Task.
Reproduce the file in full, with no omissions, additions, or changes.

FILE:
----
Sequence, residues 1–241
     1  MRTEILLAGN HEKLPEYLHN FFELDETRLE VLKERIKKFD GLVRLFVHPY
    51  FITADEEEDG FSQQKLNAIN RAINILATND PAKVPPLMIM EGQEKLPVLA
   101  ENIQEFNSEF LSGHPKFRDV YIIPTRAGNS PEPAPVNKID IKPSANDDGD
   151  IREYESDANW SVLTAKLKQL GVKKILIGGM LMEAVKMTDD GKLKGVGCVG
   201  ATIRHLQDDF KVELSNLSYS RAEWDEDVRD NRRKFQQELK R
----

Sequence, residues 1–241
     1  MRTEILLAGN HEKLPEYLHN FFELDETRLE VLKERIKKFD GLVRLFVHPY
    51  FITADEEEDG FSQQKLNAIN RAINILATND PAKVPPLMIM EGQEKLPVLA
   101  ENIQEFNSEF LSGHPKFRDV YIIPTRAGNS PEPAPVNKID IKPSANDDGD
   151  IREYESDANW SVLTAKLKQL GVKKILIGGM LMEAVKMTDD GKLKGVGCVG
   201  ATIRHLQDDF KVELSNLSYS RAEWDEDVRD NRRKFQQELK R